It’s official, the first sea turtles have landed on the shores of Sarasota County, just in time for Earth Day. Mote Marine Laboratory & Aquarium’s Sea Turtle Conservation & Research Program (STCRP) documented the first nest of the season today, April 22, 2021. The nest is located in Venice, just north of the public Venice Beach area.
Mote began monitoring Sarasota area beaches on April 15, and volunteers saw the telltale signs of a nest during their patrol early Thursday morning. A crawl was seen leading from the water up to a nest, and other clues in the sand were used to identify the nest itself and the species that created the nest. Volunteers Peg Magee and Joyce Thompson responded to the reports to confirm the nest and place stakes to mark the nest. Magee and Thompson are seasoned volunteers, beginning their 14th and 12th years, respectively, patrolling local beaches.
The nest was created by a loggerhead sea turtle, Sarasota's most abundant nester. Sarasota County is home to the densest loggerhead sea turtle nesting in the Gulf of Mexico. Green sea turtles nest on area beaches as well, often arriving later in the season, and although relatively low in number, STCRP has documented an increase in green sea turtle nests in Sarasota in the last 20 years. Other signs of sea turtles locally also include a loggerhead false crawl—where a female comes onto the beach and leaves without creating a nest—the day before on Siesta Key.
“Once again, sea turtles have arrived on our beaches a little bit before the official start of season,” said Melissa Bernhard, Mote Senior Biologist and Conservation Manager. “We’re looking forward to another successful season for sea turtles. We’ve seen incredible growth in nesting locally in the last decade, and we hope to see these threatened animals continue to increase their numbers.”
Mote’s 35th annual Run for the Turtles event, virtual this year, is also underway. Participants can run, walk or crawl from anywhere in the world, now through June 30th, to support Mote’s sea turtle monitoring efforts. Information and registration is available at runsignup.com/Race/FL/Sarasota/RunfortheTurtles.
More information about Mote's sea turtle nest monitoring:
- Approximately 300 volunteers assist Mote's team of biologists and interns with daily monitoring of beaches, ranging in age from 10 to 85 years old
- 35 miles of beaches monitored, from Longboat Key through Venice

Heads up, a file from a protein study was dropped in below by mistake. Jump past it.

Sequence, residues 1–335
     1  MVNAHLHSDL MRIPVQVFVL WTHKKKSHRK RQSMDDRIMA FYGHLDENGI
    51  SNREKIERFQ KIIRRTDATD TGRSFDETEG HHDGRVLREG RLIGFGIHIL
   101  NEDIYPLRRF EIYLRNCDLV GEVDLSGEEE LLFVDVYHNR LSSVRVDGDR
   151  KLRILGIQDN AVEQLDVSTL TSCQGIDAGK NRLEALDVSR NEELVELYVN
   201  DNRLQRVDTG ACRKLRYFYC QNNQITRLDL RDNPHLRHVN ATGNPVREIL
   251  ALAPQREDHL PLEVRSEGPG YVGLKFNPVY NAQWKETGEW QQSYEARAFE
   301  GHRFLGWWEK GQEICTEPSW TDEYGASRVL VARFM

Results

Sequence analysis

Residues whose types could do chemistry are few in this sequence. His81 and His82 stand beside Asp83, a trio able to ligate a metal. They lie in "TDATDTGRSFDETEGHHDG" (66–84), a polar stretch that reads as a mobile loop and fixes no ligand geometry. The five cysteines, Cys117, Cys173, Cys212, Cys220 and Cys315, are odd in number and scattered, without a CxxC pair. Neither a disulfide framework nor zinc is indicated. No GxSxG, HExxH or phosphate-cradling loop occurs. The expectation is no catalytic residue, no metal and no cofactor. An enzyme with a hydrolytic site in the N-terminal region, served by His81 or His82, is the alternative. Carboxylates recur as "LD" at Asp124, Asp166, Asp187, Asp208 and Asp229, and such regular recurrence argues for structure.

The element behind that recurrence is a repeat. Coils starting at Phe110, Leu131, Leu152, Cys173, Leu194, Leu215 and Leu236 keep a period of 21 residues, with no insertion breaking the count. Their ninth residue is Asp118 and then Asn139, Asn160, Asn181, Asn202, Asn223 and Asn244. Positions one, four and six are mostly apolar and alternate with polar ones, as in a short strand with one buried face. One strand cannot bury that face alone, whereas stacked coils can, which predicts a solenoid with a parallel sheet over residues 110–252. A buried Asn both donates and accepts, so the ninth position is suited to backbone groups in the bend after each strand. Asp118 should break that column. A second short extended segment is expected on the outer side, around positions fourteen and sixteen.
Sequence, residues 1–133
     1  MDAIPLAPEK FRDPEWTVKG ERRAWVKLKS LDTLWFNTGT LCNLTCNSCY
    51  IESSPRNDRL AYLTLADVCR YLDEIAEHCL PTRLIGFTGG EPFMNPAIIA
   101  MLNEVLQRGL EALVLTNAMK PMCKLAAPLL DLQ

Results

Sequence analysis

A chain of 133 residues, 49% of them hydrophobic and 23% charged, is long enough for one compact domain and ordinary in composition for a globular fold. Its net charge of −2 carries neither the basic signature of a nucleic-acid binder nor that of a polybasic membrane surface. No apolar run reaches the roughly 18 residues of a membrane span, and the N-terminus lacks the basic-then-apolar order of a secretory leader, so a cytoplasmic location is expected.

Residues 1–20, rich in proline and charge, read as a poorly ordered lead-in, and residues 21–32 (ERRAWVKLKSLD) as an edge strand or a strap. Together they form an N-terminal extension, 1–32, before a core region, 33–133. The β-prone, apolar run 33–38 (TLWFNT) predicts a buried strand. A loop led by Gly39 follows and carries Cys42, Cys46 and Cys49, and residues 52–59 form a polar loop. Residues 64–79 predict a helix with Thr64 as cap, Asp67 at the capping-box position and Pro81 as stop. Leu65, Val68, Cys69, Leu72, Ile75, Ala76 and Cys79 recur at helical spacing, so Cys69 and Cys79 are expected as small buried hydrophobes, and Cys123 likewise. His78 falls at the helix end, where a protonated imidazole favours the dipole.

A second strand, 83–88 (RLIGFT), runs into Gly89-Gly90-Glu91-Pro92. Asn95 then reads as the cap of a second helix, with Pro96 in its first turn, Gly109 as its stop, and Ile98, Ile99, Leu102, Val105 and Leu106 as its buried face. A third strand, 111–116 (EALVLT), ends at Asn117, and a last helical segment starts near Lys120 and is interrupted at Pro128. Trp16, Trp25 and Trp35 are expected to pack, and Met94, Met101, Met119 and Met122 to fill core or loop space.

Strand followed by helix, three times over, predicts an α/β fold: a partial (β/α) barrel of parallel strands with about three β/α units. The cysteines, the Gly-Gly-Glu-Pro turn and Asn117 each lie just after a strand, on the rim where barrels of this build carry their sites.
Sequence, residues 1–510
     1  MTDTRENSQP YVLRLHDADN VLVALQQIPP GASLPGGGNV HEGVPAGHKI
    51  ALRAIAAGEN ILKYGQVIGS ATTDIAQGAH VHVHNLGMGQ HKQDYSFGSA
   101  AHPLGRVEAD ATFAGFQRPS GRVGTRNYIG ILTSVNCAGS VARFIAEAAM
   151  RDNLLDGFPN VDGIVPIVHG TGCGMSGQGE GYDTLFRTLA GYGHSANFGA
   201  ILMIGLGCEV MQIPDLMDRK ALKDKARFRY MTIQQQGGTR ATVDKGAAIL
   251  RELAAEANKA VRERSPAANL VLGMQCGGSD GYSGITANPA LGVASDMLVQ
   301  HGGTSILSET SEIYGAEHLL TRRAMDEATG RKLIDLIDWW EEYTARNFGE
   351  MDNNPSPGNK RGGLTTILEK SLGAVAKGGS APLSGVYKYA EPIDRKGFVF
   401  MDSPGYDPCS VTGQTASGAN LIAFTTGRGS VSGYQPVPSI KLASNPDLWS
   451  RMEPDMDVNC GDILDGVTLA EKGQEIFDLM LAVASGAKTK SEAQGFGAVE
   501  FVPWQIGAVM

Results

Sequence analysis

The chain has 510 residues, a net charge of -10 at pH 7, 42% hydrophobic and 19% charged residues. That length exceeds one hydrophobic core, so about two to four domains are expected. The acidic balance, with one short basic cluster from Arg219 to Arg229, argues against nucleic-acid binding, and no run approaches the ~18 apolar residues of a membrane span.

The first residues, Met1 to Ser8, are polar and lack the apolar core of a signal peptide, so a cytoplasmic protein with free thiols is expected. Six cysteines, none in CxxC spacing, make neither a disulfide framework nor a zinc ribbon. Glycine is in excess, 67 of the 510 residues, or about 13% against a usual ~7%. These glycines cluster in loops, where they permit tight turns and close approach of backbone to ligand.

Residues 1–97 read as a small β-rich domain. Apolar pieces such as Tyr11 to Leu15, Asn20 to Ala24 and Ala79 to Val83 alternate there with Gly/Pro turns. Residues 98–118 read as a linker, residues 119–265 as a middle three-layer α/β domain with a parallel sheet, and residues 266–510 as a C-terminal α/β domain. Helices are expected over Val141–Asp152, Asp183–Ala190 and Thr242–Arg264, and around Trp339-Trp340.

- 2021 is Mote’s 40th year of sea turtle monitoring
- In 2020, Mote documented 3,716 nests. The previous year, 2019, was a record-breaking year with 5,112 nests
- The top-five years for number of sea turtle nests in the Sarasota region have occurred in the last five years
- Follow weekly nesting numbers at mote.org/pages/2021-sea-turtle-nesting
- Nesting season in this region is officially May 1 - Oct. 31. Please consult all applicable laws and ordinances that may be in your area. Consult FWC's website for information about ordinances that may apply to you
- Sea turtles, sea turtle eggs and nesting marking materials are protected under state and federal law and any harassment or interference with a sea turtle, living or dead, is subject to penalty
- Mote's sea turtle activities are conducted under Florida Fish and Wildlife Conservation Commission Marine Turtle Permits 027, 054, 070, 048, and 028.
With the arrival of sea turtles, it’s important that members of the public enjoy the beaches while being mindful of nesting sea turtles. A list of tips and best practices are below, and Bernhard adds, “The best way to remember how to help turtles is to think to yourself, ‘am I leaving the beach as natural and undisturbed as possible?’”
How to protect sea turtles when you’re on land and on the water:
- Shield or turn off outdoor lights that are visible on the beach from May through October.
- Close drapes after dark and put beach furniture far back from the water.
- Fill in holes that may entrap hatchlings on their way to the water.
- Do not approach nesting turtles or hatchlings, make noise, shine lights at turtles, or use flashlights, cell phone lights, or fishing lamps on the beach.
- Do not encourage a turtle to move while nesting or pick up hatchlings that have emerged and are heading for the water.
- Do not use fireworks on the beach.
- Follow Coast Guard-approved safe boating guidelines and use vigilance to avoid striking sea turtles and other large marine life.
- Be sure to stow trash and line when under way. Marine debris that accidentally blows overboard or out of a truck can become ingested by or entangled around marine life.
- Wear polarized sunglasses to better see marine life in your path.
- If you encounter injured or sick sea turtles, DO NOT attempt to assist the animal on your own. Call trained responders at the contact information below.
- If you see a sick, injured or stranded sea turtle in Sarasota or Manatee county waters, contact Mote Marine Laboratory’s Stranding Investigations Program at 888-345-2335.
- Outside of Sarasota or Manatee counties, please call the Florida Fish and Wildlife Conservation Commission (FWC) at 888-404-FWCC (3922).
- If you suspect that someone is tampering with a sea turtle nest, harassing a sea turtle or has possession of a sea turtle or any of its parts, please call FWC or your local law enforcement agency.
- If you find sea turtle hatchlings that are not on the beach or are headed away from the ocean, call FWC’s hotline at 888-404-FWCC (3922). Hatchlings heading towards the ocean should be left alone.